WHS to host speech tournamentWORTHINGTON — Saturday will be a bustling day at Worthington High School when the WHS speech team once again host the Trojan Speech Tournament.
WORTHINGTON — Saturday will be a bustling day at Worthington High School when the WHS speech team once again host the Trojan Speech Tournament.
“We have 258 entries from 21 schools in southwest Minnesota,” said Worthington speech coach Linda Neugebauer, who has helped the team for 14 years.
Students will be involved in 13 different categories ranging from extemporaneous reading and storytelling, to creative expression and humorous interpretation.
A veteran in the storytelling category, high school senior Jackie Martin is excited for her final Trojan tourney this Saturday.
“I started doing speech because I was looking for a way to better my communication skills,” Martin said, explaining how she began her involvement in speech. “Obviously, the ability to communicate is very important today. That’s why I stuck with it.”
She explained that 15 stories have already been selected this year from “Grimm’s Tales for Young and Old.”
“It’s a draw category so we’re given half an hour to prep the story,” she said. “We have to come up with our own introduction and conclusion.”
Martin detailed that storytelling is exactly like delivering a fairy tale with varying character voices.
“You really have to pull the moral of the story,” she said. “My story this year is about second chances and forgiveness.”
Like storytelling, Lexy Teerink explained that she has to create her own introduction for extemporaneous reading.
“It’s one of the easier categories,” she said. “You want an introduction that can grab your listener’s attention right away.”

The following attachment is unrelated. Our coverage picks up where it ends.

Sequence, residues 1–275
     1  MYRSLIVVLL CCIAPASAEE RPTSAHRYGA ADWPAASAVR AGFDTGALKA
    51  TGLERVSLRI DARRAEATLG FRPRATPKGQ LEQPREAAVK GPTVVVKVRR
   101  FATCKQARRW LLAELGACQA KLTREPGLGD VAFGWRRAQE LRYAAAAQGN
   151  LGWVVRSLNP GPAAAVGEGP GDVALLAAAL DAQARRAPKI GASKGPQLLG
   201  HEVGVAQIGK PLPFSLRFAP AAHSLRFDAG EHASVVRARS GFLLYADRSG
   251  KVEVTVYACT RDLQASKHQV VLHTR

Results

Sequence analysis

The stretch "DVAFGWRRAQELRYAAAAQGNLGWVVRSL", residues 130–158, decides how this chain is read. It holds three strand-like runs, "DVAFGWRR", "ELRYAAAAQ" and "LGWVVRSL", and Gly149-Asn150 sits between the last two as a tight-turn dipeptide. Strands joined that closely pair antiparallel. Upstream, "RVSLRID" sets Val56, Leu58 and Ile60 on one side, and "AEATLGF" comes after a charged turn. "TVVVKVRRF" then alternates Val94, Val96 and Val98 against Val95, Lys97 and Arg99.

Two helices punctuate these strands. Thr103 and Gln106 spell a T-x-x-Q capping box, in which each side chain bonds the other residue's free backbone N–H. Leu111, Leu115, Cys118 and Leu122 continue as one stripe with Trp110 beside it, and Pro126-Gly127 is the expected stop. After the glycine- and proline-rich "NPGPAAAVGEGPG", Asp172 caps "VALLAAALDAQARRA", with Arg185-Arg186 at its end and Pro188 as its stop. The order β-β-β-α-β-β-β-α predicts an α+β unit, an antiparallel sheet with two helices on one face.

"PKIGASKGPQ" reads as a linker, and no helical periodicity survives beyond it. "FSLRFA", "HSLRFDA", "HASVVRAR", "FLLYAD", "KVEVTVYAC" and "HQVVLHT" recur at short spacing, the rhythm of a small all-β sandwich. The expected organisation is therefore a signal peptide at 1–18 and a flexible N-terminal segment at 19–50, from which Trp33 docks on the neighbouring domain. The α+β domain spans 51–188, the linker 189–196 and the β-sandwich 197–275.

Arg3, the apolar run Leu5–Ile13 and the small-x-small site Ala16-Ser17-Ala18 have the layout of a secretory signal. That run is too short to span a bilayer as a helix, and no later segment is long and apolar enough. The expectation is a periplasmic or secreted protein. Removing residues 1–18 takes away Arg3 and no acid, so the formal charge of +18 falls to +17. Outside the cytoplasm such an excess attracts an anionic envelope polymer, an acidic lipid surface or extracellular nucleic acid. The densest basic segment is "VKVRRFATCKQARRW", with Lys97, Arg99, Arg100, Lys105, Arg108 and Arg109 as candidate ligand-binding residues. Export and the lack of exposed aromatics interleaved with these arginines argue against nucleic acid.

After three years of being involved in speech, Teerink said she said she has grown in confidence and expanded her people skills.
Fellow teammates Kami Vogt and Whitney Prins explained that competing at home is “not as nerve-wrecking.”
“I only get stage fright in front of people I know,” said Vogt, who will be competing in the creative expression category.
The creative expression category requires contestants to write their own story and deliver it in eight minutes.
A slight variation from creative expression is the humorous interpretation category in which Prins will compete.
“How you would do that is with facial expression and the way you portray each character,” Prins explained. “Sound effects are really important.”
Each participant will compete in three rounds on Saturday.
Speech team members participate in weekly tournaments throughout the school year.
“At every tournament you get critique sheets so that way you can work on things and get your speech perfected,” Teerink added.
At the end of the speech tournament season, students compete in subsection and section meets before advancing to the state level.
Daily Globe Reporter Ana Anthony can reached at 376-7321